Public Benefits of the Lottery

Whether it is used to select students for kindergarten admission, to determine who gets a unit in a subsidized housing block or to identify a vaccine for a disease, lottery can be an effective way to allocate scarce resources. It can also be a source of funds for philanthropic projects, such as building schools or libraries. It is especially popular in countries where there are few large public assets and where property taxes are high.

In colonial America, public lotteries were popular and played a significant role in financing private and public ventures. Many of the universities, churches, canals, roads and fortifications in the colonies were financed by these lotteries. The lottery was an excellent way to raise money for these projects without increasing taxes.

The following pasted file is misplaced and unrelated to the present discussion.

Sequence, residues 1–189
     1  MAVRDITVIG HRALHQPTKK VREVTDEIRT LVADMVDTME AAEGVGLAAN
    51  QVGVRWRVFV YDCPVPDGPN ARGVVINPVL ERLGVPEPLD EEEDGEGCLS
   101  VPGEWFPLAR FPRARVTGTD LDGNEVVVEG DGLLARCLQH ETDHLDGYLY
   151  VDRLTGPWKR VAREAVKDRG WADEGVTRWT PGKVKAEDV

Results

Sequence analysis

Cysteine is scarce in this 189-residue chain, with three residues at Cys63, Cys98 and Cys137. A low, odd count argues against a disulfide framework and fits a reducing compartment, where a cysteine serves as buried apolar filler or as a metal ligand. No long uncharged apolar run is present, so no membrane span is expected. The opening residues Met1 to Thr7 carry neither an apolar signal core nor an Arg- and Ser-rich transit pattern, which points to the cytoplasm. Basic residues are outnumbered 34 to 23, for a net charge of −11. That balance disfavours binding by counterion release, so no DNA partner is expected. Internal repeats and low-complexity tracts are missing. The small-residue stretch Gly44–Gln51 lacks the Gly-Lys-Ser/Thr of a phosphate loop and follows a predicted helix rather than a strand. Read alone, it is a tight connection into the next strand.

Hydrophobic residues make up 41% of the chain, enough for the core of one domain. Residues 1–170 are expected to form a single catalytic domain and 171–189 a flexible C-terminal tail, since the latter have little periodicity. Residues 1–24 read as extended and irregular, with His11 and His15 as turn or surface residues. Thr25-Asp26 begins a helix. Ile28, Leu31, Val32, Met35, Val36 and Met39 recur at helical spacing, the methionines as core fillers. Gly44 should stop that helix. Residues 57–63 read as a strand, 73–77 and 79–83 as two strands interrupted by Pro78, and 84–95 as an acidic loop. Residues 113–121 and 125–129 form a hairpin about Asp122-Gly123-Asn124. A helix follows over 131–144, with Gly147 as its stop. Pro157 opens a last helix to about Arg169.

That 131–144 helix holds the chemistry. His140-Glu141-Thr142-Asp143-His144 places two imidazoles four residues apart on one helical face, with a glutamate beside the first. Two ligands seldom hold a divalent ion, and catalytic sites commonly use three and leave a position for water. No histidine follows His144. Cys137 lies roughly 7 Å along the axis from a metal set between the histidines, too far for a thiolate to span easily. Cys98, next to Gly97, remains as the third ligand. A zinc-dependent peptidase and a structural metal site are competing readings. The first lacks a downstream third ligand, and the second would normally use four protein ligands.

While the story is fictional, there are still real-life lotteries in the United States and other nations. The United States lottery is a state-controlled enterprise, and its profits are devoted to the benefit of public programs. In the United States, the only way to participate in the lottery is to buy a ticket. The odds of winning are very low. However, if the entertainment value or other non-monetary benefits are perceived to be high enough, the disutility of a monetary loss might be outweighed by the expected utility of a lottery ticket for the individual making the purchase.

Shirley Jackson, in her short story The Lottery, uses a small town setting to criticize blind following of traditions and rituals. She shows that human evil is very present in places that look harmless and friendly.